Founder and CEO of SmartFinancial.com: on a mission to make the insurance buying process more efficient.
It used to be that if you asked someone who they’re insured with, they’d give you their insurance agent’s name. Billions of dollars in advertising later, people now name their carrier and barely remember the agent that signed them on. Meanwhile, the brick and mortar agencies are waning in importance, and companies like Nationwide are moving to a virtual workforce model. In my role as a CEO overseeing an insurance-technology platform, I’ve observed one thing that remains the same despite all the confusing shifts over the past few decades: Insurance agents are still the primary sales channel for insurers.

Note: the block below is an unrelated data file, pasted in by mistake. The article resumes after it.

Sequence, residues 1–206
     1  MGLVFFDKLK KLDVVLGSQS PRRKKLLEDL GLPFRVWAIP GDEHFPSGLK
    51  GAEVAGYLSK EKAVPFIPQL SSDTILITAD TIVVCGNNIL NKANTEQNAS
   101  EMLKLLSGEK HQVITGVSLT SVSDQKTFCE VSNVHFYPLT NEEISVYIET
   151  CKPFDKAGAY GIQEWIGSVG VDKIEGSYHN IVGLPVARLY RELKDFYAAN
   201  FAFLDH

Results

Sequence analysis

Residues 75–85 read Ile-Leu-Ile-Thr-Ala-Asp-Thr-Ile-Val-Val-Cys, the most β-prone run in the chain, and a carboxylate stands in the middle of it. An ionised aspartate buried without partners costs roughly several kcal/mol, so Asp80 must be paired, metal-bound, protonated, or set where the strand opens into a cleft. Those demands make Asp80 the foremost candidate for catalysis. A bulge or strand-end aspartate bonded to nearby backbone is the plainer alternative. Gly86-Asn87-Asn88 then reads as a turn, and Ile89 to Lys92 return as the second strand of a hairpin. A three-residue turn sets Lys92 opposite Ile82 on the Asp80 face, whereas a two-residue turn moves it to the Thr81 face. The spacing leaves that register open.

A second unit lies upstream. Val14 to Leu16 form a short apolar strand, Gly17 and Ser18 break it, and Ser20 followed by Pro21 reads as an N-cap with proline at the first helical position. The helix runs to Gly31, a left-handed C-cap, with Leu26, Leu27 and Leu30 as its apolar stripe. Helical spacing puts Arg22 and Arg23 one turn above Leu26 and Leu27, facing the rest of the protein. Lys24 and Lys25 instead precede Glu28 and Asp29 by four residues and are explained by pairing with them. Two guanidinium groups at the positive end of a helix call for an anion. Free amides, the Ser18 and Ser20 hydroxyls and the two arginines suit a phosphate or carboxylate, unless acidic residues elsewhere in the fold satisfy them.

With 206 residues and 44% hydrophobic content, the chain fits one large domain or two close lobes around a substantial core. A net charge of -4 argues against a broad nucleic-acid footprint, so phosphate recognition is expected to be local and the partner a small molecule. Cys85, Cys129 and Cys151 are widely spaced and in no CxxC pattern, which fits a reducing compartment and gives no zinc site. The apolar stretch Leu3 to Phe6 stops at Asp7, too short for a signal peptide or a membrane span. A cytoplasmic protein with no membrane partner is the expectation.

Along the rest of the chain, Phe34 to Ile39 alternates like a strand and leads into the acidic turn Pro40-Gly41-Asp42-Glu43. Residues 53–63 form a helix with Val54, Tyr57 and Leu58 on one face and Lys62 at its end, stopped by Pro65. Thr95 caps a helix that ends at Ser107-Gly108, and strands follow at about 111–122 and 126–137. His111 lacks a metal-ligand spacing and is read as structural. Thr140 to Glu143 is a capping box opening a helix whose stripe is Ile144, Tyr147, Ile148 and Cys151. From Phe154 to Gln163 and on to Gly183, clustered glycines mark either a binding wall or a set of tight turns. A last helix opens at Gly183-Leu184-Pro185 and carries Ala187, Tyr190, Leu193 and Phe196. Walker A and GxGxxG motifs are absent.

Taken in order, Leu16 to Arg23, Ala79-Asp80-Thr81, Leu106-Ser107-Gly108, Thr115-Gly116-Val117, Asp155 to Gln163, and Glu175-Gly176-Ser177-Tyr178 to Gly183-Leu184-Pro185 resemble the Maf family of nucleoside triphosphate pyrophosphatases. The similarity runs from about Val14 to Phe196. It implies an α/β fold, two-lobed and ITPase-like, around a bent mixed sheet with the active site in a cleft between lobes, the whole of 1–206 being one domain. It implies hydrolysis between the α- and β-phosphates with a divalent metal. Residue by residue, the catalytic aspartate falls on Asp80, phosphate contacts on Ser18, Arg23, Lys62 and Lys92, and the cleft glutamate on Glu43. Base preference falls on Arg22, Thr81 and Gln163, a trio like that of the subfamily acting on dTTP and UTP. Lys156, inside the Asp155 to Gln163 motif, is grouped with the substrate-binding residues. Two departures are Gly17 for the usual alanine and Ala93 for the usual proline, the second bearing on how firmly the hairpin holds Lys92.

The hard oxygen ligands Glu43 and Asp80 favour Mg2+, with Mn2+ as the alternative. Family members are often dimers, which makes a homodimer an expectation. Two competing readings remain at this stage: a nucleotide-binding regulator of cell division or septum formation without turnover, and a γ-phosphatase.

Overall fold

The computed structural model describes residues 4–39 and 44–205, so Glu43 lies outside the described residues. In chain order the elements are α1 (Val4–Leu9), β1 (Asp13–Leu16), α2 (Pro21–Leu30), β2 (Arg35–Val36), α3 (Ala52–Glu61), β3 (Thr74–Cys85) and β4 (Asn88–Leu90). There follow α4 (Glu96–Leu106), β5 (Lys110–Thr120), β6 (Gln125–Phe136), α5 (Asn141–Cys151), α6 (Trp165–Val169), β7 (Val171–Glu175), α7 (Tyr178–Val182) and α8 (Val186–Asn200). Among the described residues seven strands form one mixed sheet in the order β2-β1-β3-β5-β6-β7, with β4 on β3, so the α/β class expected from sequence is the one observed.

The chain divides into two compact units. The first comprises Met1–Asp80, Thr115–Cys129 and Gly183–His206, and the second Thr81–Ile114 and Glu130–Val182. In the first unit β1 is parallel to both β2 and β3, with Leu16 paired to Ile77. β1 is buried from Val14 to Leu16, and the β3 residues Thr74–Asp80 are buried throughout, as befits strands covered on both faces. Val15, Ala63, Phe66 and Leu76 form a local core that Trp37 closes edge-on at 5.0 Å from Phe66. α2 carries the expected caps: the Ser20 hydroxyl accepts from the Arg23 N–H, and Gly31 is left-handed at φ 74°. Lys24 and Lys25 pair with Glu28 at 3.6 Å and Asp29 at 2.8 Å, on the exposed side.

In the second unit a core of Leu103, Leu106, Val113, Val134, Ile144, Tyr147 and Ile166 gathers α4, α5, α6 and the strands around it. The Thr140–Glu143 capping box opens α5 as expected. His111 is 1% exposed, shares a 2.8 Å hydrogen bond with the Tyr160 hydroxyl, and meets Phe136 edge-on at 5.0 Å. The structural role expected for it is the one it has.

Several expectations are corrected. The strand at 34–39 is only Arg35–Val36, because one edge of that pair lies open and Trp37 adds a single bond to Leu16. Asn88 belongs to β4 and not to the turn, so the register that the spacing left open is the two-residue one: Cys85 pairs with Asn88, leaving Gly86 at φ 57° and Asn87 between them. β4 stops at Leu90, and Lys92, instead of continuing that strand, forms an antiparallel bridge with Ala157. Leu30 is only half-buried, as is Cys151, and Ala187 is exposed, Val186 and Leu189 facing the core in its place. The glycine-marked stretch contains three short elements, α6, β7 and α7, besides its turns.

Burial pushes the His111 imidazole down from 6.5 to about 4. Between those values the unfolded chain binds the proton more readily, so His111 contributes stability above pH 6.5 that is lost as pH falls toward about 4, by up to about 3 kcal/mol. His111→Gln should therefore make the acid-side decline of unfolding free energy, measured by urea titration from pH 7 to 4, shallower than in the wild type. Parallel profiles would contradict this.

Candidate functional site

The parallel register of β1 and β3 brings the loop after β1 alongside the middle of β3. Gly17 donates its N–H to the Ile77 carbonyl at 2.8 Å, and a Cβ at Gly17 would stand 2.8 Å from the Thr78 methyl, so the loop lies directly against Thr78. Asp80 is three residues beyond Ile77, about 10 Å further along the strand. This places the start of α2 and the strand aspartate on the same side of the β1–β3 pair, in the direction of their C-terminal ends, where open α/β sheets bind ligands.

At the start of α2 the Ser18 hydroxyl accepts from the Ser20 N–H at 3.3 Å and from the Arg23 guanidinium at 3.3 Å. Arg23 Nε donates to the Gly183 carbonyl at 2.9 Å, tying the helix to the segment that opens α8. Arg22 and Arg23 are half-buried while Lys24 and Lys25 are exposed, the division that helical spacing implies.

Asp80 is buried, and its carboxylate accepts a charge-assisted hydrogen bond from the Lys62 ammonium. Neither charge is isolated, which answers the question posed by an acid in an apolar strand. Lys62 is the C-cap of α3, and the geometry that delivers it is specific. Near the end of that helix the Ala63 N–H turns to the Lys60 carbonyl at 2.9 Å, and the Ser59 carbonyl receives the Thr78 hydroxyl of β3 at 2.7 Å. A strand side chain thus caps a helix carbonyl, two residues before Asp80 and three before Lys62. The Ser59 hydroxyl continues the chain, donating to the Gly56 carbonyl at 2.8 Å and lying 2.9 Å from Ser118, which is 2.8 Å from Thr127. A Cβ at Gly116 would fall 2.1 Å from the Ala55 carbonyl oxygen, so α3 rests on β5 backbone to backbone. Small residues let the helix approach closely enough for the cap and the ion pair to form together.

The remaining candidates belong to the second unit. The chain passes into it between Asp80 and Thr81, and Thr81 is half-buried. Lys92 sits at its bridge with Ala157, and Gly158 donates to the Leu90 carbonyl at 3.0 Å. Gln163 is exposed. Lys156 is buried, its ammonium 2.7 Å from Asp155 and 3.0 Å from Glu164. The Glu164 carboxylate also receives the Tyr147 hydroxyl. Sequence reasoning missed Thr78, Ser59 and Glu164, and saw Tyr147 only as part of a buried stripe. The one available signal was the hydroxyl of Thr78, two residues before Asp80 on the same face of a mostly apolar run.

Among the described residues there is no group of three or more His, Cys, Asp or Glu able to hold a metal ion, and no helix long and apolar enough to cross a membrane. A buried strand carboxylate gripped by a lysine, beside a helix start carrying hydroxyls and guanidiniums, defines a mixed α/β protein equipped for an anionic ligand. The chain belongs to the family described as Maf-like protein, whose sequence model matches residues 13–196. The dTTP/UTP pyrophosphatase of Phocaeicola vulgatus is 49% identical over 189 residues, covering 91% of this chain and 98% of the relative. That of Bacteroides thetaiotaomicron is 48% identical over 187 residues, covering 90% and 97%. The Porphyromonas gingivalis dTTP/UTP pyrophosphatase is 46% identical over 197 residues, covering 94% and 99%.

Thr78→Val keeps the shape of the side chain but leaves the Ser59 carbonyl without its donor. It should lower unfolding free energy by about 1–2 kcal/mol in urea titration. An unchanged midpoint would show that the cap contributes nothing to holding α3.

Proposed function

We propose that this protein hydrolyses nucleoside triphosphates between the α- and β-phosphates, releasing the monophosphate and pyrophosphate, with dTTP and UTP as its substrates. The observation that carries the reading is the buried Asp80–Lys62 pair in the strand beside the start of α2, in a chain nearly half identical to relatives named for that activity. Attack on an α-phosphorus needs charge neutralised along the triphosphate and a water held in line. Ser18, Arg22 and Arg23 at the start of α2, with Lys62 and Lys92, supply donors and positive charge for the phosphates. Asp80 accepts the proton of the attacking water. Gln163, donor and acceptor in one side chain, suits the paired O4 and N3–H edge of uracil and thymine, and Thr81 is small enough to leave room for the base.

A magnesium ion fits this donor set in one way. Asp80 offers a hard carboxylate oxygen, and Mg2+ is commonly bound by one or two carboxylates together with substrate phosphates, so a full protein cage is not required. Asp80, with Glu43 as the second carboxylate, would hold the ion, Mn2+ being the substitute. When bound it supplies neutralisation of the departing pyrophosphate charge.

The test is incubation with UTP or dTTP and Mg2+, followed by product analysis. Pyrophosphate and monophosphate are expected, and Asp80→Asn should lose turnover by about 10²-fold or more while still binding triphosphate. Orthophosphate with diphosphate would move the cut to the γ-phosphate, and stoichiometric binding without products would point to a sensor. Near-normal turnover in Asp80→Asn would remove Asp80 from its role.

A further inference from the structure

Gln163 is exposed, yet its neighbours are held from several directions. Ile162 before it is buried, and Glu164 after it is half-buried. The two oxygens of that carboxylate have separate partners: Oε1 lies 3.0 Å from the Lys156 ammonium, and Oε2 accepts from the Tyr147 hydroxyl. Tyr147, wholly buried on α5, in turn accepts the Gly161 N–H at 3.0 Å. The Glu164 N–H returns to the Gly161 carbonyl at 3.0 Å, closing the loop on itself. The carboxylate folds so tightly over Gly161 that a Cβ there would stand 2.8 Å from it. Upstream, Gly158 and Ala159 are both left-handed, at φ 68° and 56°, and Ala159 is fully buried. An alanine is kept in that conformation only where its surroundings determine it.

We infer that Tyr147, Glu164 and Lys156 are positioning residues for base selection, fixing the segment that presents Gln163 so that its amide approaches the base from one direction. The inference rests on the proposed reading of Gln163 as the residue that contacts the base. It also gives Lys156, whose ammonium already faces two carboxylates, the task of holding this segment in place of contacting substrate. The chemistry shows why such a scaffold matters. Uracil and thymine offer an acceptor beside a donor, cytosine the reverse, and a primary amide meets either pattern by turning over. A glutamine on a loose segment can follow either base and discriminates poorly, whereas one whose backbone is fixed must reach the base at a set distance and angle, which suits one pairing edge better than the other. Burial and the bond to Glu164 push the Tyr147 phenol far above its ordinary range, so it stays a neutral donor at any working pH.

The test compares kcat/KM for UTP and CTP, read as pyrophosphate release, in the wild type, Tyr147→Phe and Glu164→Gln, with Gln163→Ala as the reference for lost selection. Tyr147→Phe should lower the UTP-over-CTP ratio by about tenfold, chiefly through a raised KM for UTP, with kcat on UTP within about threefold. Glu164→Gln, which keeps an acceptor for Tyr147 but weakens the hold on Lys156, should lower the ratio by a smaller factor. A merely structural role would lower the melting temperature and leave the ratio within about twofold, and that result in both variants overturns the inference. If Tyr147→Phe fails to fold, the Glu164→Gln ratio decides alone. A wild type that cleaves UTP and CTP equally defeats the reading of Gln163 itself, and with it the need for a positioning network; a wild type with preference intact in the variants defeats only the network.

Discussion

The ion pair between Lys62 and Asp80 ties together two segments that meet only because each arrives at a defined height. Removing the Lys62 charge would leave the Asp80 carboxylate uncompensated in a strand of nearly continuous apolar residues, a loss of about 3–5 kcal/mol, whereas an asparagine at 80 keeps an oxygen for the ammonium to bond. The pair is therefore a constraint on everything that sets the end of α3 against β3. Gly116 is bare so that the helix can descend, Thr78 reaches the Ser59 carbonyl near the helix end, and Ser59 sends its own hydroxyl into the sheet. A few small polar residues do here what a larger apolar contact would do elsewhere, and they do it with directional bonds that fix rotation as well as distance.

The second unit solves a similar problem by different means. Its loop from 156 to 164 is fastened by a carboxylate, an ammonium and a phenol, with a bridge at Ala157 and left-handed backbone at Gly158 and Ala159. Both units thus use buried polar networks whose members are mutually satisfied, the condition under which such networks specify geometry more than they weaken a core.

Even though carriers can communicate directly with consumers at a lower cost, insurance agents who bring profitable business to carriers are a valued and integral part of the insurance distribution chain. Here’s how future trends will likely shape the carrier-agent-customer relationship and what carriers can do to stay ahead of the curve.
1. Support agents in their role as advisers.
We see a future where insurance agents become more specialized in various niche insurance products. Agents will bring more value to the relationship with the customer by understanding and explaining coverage options on more complex policies. The agent’s role will also become much more of an advisory role that goes beyond the traditional aim of selling insurance products. Because agents are on the front lines serving customers, they will be expected to demonstrate expertise, not only about the insurance products they sell, but also the many ancillary services that insurance carriers are increasingly offering to add value to their insurance products. Car loans, home loans, cybersecurity prevention and other services will become standard package offerings. And someone has to service them. That’s why it’s